Markets Mixed Due to Mild Vaccine Concerns

Mildly concerning vaccine data and other headwinds weighed on the markets on Thursday as the indices closed mixed.

News Recap

In the short-term, there will be optimistic days where investors rotate into cyclicals and value stocks, and pessimistic days where there will be a broad sell-off or rotation into “stay-at-home” names. However, in the last two sessions, markets largely traded sideways.

In the mid-term and long-term, there is certainly a light at the end of the tunnel. Once this pandemic is finally brought under control and vaccines are mass deployed, volatility will surely stabilize, and optimism and relief will permeate the markets. In fact, CNBC personality Jim Cramer said that beating COVID-19 would feel like “the end of prohibition.” Stocks especially dependent on a rapid recovery and reopening such as small-caps should thrive.

Markets will continue to wrestle with the negative reality on the ground and optimism for an economic rebound in 2021. While more positive vaccine news continues to trickle in day by day, there is still discouraging COVID-19 news, economic news, and geopolitical news to consider. Amidst the current fears of a double dip recession with further COVID-19-related shutdowns and no stimulus, it is very possible that short-term downside persists. However, it’s encouraging that Pelosi and McConnell are talking again. If a stimulus passes before the end of the year, it will certainly boost sentiment.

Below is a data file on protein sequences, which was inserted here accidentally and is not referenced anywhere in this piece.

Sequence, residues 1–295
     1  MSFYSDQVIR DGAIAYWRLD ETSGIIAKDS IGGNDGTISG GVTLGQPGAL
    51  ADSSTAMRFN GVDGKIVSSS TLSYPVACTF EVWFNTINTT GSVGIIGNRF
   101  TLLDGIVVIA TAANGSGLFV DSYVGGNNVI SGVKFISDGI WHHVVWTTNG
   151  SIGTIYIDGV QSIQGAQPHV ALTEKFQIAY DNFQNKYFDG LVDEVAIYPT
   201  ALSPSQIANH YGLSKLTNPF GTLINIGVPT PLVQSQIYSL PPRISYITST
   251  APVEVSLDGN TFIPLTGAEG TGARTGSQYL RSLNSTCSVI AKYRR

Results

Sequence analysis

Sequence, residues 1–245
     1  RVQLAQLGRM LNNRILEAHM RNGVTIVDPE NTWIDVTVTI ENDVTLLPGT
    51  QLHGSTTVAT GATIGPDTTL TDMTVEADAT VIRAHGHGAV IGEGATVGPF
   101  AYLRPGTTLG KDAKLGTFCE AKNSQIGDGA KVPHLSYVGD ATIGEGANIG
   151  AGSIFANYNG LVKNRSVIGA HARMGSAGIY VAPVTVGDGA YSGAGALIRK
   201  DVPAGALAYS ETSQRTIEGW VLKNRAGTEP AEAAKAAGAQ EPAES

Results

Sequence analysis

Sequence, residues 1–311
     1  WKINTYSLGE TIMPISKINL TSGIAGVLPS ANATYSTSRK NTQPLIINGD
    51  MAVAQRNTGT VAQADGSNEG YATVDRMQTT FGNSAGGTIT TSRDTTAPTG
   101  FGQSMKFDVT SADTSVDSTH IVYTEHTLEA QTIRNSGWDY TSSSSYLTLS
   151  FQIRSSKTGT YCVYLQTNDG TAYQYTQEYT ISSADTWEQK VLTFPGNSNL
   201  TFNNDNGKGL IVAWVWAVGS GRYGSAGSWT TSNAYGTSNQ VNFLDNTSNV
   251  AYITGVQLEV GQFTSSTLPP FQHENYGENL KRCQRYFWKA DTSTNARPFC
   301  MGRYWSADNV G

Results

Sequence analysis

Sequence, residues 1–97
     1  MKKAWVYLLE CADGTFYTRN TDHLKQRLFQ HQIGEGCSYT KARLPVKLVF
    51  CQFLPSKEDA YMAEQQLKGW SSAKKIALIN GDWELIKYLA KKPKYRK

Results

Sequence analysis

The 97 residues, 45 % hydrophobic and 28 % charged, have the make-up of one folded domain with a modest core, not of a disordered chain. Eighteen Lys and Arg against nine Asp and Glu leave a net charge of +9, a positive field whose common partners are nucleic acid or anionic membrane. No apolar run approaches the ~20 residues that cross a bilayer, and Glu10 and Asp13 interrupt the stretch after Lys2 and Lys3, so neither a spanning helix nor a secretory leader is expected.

Due to this tug of war between good news and bad, any subsequent move downwards will likely be modest in comparison to the gains since the bottom in March and since the start of November. It is truly hard to say with conviction that another crash or bear market will come. If anything, the constant wrestling match between sentiments will keep markets relatively sideways.

Therefore, to sum it up:

While there is long-term optimism, there is short-term pessimism. A short-term correction is very possible. But it is hard to say with conviction that a big correction will happen.

After two straight record closes, the S&P somewhat pulled back on Thursday. There are a few indicators that show that the S&P could face some near-term volatility, however, these indicators have largely stabilized this week. The S&P’s stabilization in volume for one is a big deal. After volume sharply declined from November 9th, there were doubts on the sustainability of the rally, but it has largely been stable over the last few weeks.

Low volume, especially a sharp drop in volume, means that there are fewer shares trading. Lower volume also means less liquidity across the index, and an increase in stock price volatility. Therefore, a stable volume trend means that volatility may decrease. Again though, this is a market that trades largely on news and sentiment, so anything could change.

The RSI of 65.03 also keeps the S&P in a HOLD category. Although the RSI has not moved much this week, be very wary if it exceeds the overbought level of 70 - because it’s approaching – however, sideways trading should mute this.

With this data, further pullback from these levels would not be a shock… but another surge based on good news would not be a shock either. Because of all of the uncertainty, a HOLD for the S&P is an appropriate call. For an ETF that attempts to directly correlate with the performance of the S&P, the SPDR S&P ETF (SPY) is a good option.

The premium analysis this morning will showcase a “Drivers and Divers” section that will break down some sectors that are in and out of favor. Dear readers, do me a favor and let me know what you think of this segment! Always happy to hear from you.

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